The western esoteric tradition has no more important figure in the modern times than Helena Petrovna Blavatsky (1831–1891). She and her Theosophical Society stand at the crucial historical moment when it seemed possible to unite science and occultism, West and East, in a “divine wisdom” (theosophy) for the modern age. In Isis Unveiled, The Secret Doctrine, and, most of all, in the fourteen volumes of her Collected Writings, Blavatsky emerges as certainly the most learned, if not always the wisest woman of her century. For who is there to compete? Consider, first, her languages: Russian from her family, Georgian from their peasants, French and English from her governesses, Arabic from her travel companions, Italian from her comrades-in-arms, and then Sanskrit, in which her fluency was praised by a man (Dayananda Sarasvati) who lectured in it every day. Next, her travels: to name only the places where she settled for a while, there are Russia, Mongolia, India, Ceylon, Turkey, Greece, Egypt, Syria, the Americas, Italy, France, Germany, Belgium, England, and who knows, perhaps even Tibet. Then there is her uncanny ability to attract the information she needed for her writing, whether from books and magazines, from people, or from the less tangible sources with which the “channeling” phenomenon has reacquainted us. Add to this a body beset by physical illness and overweight, a fearsome temper, an undeniable psychic or mediumistic gift, and a tendency to assume multiple personalities, and you have the outline of HPB as generally known.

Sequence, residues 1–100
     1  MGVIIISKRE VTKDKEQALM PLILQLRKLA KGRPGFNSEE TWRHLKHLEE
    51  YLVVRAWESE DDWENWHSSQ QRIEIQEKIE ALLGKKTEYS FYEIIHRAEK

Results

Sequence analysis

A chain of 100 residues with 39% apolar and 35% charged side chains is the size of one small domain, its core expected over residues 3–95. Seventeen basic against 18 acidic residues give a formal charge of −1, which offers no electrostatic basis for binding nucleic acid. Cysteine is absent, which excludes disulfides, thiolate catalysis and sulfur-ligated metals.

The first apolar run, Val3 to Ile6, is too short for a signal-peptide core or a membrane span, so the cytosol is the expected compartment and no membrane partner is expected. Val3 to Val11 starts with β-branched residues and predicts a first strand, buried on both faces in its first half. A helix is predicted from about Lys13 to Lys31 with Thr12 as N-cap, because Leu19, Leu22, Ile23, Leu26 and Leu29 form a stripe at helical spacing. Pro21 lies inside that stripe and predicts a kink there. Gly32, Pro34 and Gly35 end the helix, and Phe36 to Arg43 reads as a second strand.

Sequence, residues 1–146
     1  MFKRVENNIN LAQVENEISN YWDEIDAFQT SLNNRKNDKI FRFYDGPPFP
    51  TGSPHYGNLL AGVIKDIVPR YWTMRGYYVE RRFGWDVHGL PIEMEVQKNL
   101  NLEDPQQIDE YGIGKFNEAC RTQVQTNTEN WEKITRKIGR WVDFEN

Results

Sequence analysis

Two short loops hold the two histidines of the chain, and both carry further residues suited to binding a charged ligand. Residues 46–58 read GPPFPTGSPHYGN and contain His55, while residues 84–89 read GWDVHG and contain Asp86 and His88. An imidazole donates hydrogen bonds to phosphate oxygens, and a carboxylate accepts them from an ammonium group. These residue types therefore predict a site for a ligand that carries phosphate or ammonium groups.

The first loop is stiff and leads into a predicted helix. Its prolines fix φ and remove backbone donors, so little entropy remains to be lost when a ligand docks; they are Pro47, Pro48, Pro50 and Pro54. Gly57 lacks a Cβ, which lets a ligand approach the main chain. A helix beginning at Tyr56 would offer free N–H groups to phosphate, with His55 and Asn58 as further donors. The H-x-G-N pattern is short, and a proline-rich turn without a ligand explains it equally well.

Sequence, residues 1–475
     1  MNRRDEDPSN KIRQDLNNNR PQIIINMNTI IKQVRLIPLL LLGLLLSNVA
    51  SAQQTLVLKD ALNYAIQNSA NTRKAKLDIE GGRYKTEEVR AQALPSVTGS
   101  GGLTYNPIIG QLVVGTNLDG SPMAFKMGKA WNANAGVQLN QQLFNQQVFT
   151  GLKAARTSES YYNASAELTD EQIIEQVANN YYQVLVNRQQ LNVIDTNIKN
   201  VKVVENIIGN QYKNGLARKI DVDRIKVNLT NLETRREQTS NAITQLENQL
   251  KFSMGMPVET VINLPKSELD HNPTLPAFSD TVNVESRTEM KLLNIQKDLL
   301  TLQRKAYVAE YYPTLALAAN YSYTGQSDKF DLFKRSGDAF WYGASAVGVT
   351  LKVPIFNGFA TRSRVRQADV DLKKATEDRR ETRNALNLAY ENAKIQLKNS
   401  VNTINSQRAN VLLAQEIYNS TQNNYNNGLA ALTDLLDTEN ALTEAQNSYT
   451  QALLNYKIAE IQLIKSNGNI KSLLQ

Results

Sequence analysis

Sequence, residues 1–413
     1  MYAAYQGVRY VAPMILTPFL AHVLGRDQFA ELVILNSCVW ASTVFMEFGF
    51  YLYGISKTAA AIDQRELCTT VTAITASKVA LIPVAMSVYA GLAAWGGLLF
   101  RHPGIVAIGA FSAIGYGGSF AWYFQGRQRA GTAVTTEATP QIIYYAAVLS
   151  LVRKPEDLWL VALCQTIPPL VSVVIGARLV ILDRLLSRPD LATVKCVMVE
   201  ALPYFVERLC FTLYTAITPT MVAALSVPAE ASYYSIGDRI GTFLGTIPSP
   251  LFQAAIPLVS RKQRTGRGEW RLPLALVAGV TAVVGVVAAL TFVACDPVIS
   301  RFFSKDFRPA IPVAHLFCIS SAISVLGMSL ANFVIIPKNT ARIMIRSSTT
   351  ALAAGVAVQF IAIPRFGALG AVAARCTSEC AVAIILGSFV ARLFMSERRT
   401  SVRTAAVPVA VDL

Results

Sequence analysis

Paul Johnson’s book adds an entirely new dimension to this picture, and consequently to the history of the Western esotericism at its most complex moment. His starting point is the “myth of the Masters.” There are two very different views on this, just as there are two meanings to the word myth. One holds that, just as mythology embodies lost knowledge and higher truths than mere stories, the Masters with whom HPB claimed to be in contact were beings of ineffable spiritual development and wisdom. At the same time, they were mortal men whom she claimed to have known personally. The principal Masters in question were Koot Hoomi and Morya, supposedly residents of Shigatse in Tibet, whom HPB persuaded to write a number of letters in the 1880s to the influential Anglo-Indians A. P. Sinnett and A. O. Hume. These letters appeared in various mysterious ways, dropping form the ceiling or materializing in railway carriages, and were said to be not written, but “precipitated” by psychic means. Their bizarre variety of inks and calligraphies may be examined by the curious in the British Library. In the earlier days of the Theosophical Society, a Master named Serapis wrote in similar fashion to Blavatsky’s co-founder, Colonel Henry Olcott. Other Masters, less communicative, included Tuitit Bey, Hilarion, Djual Kul, and the Mahachohan. All belonged to an international fraternity of adepts often called the Great White Lodge. These august beings, so Theosophists were given to believe, were watching over the experiment to which Spiritualism has been the prelude, an attempt to crack the shell of Western materialism.